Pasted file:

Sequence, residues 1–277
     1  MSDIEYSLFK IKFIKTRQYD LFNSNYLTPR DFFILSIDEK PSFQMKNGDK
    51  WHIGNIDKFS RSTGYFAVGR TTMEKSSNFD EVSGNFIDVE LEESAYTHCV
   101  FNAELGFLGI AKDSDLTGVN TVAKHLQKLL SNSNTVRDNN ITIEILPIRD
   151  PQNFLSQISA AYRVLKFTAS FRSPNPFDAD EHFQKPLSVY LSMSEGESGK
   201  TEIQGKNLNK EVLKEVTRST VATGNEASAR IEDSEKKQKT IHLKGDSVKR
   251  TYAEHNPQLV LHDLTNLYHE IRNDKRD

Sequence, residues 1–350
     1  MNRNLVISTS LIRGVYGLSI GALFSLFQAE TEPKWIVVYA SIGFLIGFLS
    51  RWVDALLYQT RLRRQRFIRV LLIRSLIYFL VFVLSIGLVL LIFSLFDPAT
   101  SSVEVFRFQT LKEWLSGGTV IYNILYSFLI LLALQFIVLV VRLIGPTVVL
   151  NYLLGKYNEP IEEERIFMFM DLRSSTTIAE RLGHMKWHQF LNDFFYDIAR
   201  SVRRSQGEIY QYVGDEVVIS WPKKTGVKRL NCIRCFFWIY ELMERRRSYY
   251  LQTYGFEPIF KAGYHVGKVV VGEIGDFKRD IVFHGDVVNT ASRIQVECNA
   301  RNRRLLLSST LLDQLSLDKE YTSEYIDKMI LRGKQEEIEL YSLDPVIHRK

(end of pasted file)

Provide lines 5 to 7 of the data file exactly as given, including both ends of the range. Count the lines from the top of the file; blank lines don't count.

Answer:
   151  PQNFLSQISA AYRVLKFTAS FRSPNPFDAD EHFQKPLSVY LSMSEGESGK
   201  TEIQGKNLNK EVLKEVTRST VATGNEASAR IEDSEKKQKT IHLKGDSVKR
   251  TYAEHNPQLV LHDLTNLYHE IRNDKRD